Big or small, we’re faced with many decisions on a daily basis.
Oftentimes, they stop us in our tracks, unsure of what we should do.
The scenarios may differ from trivial to life-changing, and may be personal or professional, but we find ourselves trapped like a rabbit in the headlamps, paralyzed.
Should you start your own business or remain forever a wage slave?
Should you go back to school and open up a new career path or stay right where you are?
Should you end a relationship or grit your teeth and hang on in the hope things will improve?
These are just a few examples of decisions we regularly wrestle with.
You ponder, you worry, and you put off choosing either way, typically getting stuck in a loop of indecision.
And the frustrating thing is that the size of the problem is often inversely related to the amount of time you spend deliberating the best course of action.
It may be a small thing – deciding whether to accept an unexpected invitation to the wedding of a college friend, for example – but it can feel big when you don’t know what to do for fear of causing offense.
The search for The Right Thing To Do can become obsessive and, oh my, what a lot of time is squandered down that rabbit hole.
So, what can you do to break the stalemate?
As motivational guru, Jim Rohn, puts it:
It doesn’t matter which side of the fence you get off on sometimes. What matters most is getting off! You cannot make progress without making decisions.
If you could ditch these dilemmas – the worry, the uncertainty, and the not-knowing – and smooth your path to a decision, just imagine the relief you’d feel.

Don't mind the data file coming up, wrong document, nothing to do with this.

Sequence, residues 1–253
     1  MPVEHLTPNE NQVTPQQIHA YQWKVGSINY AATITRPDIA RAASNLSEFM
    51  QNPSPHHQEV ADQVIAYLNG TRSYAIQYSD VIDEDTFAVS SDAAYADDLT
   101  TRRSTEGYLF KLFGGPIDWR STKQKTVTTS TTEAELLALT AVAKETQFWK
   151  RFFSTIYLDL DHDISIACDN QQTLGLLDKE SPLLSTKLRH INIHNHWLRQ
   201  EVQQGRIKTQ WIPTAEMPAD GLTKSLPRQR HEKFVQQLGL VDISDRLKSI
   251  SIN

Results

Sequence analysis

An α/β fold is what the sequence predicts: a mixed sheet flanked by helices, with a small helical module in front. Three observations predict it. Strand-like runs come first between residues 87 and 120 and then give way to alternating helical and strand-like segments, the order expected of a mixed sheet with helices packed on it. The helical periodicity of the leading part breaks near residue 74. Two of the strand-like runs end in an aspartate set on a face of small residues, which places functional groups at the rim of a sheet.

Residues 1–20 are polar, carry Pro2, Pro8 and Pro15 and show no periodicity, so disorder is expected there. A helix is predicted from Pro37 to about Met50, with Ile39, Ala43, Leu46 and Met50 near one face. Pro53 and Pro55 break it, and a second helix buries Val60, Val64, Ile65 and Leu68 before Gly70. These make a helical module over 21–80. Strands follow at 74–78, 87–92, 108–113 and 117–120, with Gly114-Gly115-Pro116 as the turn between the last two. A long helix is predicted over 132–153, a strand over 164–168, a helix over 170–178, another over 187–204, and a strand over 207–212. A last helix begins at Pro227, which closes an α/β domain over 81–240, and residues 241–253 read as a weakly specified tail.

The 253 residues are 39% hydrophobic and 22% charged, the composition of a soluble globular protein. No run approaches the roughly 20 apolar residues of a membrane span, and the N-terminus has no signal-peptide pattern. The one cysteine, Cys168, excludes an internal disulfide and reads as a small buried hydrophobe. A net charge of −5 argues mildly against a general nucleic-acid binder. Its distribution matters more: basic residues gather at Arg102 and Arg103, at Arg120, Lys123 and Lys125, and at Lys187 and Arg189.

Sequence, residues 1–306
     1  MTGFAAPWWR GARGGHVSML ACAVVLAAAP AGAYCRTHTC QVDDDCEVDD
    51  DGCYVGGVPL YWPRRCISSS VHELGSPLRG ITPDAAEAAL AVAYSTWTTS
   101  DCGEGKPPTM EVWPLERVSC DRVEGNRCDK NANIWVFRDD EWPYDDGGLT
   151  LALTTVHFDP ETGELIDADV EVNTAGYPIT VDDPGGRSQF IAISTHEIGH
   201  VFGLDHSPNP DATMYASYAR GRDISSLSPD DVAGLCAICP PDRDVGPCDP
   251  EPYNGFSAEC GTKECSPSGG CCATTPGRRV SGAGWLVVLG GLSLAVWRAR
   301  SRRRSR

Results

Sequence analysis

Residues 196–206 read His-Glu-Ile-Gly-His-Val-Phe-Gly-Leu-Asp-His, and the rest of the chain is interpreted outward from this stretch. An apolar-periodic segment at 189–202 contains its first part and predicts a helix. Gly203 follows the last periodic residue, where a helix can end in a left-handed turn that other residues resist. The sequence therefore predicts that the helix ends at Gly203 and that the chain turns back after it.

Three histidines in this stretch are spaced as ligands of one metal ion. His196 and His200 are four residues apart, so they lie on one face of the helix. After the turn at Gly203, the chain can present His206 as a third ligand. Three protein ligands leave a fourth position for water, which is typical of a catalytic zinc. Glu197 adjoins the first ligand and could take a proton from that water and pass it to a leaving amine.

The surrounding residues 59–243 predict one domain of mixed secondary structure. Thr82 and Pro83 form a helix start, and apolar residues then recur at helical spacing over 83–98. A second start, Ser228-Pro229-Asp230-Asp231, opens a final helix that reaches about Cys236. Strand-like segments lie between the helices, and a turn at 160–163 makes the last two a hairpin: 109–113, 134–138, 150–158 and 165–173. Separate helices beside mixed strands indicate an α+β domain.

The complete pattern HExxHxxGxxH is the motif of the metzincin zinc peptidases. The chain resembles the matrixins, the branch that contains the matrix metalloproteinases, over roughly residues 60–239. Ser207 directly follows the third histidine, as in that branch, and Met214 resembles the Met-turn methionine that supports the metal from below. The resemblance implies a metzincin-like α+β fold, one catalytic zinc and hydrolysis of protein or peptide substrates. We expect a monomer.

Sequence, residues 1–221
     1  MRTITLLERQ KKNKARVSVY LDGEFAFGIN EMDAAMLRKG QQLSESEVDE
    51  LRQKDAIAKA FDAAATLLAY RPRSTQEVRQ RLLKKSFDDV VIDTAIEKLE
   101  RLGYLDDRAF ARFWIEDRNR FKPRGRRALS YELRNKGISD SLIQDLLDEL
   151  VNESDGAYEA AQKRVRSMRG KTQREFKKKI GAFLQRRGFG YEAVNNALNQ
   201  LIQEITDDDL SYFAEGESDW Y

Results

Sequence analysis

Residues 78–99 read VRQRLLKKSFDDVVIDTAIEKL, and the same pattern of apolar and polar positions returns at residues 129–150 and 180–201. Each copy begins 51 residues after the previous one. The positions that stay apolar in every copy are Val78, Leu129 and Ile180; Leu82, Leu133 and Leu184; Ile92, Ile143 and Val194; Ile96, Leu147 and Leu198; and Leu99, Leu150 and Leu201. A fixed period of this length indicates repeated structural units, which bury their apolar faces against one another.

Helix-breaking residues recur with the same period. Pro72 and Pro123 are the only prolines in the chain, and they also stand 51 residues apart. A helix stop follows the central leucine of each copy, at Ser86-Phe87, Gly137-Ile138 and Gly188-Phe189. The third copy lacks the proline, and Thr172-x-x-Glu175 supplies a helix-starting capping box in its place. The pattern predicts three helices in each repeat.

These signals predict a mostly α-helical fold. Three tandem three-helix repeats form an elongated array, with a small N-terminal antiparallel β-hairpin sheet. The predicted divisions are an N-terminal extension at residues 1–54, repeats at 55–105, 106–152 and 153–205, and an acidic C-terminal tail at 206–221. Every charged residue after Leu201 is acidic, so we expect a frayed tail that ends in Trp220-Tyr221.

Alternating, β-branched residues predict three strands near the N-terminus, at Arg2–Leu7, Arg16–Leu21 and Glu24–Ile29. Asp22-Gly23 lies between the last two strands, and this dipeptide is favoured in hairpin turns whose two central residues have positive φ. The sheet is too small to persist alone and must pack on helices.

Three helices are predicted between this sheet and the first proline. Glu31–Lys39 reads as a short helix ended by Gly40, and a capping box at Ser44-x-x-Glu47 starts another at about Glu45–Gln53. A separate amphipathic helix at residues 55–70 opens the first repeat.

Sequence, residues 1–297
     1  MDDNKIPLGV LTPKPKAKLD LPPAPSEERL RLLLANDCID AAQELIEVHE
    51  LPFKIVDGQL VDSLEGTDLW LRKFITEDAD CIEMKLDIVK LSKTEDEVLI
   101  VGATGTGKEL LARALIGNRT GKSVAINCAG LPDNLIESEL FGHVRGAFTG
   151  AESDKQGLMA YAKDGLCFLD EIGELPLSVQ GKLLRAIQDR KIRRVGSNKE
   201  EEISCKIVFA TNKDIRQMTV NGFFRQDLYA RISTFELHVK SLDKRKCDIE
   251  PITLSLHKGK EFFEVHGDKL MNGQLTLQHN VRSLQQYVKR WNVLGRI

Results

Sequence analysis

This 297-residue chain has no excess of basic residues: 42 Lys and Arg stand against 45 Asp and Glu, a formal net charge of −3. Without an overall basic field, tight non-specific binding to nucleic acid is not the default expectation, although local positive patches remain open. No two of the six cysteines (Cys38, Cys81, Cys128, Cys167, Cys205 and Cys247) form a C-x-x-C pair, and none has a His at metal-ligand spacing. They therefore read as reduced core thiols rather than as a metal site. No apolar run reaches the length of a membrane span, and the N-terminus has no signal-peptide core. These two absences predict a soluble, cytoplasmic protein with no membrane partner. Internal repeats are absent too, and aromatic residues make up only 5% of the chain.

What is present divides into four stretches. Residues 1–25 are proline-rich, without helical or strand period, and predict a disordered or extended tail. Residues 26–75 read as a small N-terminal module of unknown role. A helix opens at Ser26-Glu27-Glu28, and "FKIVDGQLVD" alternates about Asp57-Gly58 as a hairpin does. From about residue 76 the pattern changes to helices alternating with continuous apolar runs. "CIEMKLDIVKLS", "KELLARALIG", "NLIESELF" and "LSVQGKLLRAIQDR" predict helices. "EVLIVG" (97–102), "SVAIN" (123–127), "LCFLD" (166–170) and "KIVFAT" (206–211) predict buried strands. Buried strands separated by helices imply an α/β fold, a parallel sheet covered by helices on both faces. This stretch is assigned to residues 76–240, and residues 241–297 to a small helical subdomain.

So, it’s time to do yourself a favor by jumping down off that fence and easing your way into action.
Any action, after all, is likely to be better than none.
President Theodore Roosevelt put it this way:
In any moment of decision, the best thing you can do is the right thing. The worst thing you can do is nothing.
Here are a few suggestions to break the deadlock of indecision:
1. Seek out relevant knowledge.
You may have come to an apparent impasse with whatever problem you’re facing, but it’s not a unique and unprecedented situation by any means.
Someone, somewhere, will have already faced it and dealt with it.
Chances are they have produced a vlog, written a blog, an article, or even a book about their experience and their journey to resolving the issue.
Seek out that information and use it to work out where you go from here.
2. Identify your goal.
It’s easy to believe that the action you end up taking is the end in itself, but more often than not, it’s actually just the means to an end.
For example, breaking up an unsatisfactory relationship is not the end, but the means to (hopefully) achieve a more harmonious connection with someone else.
Once you’ve identified your ultimate goal – the ends – you may have a clearer vision of the potential means to get you there.
3. Apply past successes to current dilemmas.
The trick here is simple: assess what’s worked for you in the past and do more of it.
In their book Switch: How to Change Things When Change Is Hard, Chip and Dan Heath call this technique looking for the bright spots.
When you’re stuck in a position not knowing what to do, reflect on previous successful achievements, or think of problems you’ve solved in the past.